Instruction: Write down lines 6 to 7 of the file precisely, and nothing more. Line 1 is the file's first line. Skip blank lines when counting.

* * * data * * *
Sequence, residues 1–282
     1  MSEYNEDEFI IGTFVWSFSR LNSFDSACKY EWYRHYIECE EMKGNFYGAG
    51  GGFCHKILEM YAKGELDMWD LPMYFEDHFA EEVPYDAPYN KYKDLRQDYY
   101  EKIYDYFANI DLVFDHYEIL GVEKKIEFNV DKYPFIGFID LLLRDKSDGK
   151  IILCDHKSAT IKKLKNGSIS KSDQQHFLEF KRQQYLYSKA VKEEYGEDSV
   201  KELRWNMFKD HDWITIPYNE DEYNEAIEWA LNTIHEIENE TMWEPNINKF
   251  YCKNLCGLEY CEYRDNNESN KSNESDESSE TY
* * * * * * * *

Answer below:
   201  KELRWNMFKD HDWITIPYNE DEYNEAIEWA LNTIHEIENE TMWEPNINKF
   251  YCKNLCGLEY CEYRDNNESN KSNESDESSE TY